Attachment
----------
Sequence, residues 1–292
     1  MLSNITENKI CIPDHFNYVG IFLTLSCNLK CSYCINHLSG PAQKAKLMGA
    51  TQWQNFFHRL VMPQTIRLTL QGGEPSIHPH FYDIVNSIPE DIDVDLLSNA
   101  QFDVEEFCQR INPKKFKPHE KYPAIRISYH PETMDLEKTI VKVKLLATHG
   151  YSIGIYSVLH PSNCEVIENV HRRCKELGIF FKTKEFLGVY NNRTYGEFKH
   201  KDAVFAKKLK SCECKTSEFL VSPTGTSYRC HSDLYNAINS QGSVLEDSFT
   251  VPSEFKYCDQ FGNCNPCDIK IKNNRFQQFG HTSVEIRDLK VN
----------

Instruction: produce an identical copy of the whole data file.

Sequence, residues 1–292
     1  MLSNITENKI CIPDHFNYVG IFLTLSCNLK CSYCINHLSG PAQKAKLMGA
    51  TQWQNFFHRL VMPQTIRLTL QGGEPSIHPH FYDIVNSIPE DIDVDLLSNA
   101  QFDVEEFCQR INPKKFKPHE KYPAIRISYH PETMDLEKTI VKVKLLATHG
   151  YSIGIYSVLH PSNCEVIENV HRRCKELGIF FKTKEFLGVY NNRTYGEFKH
   201  KDAVFAKKLK SCECKTSEFL VSPTGTSYRC HSDLYNAINS QGSVLEDSFT
   251  VPSEFKYCDQ FGNCNPCDIK IKNNRFQQFG HTSVEIRDLK VN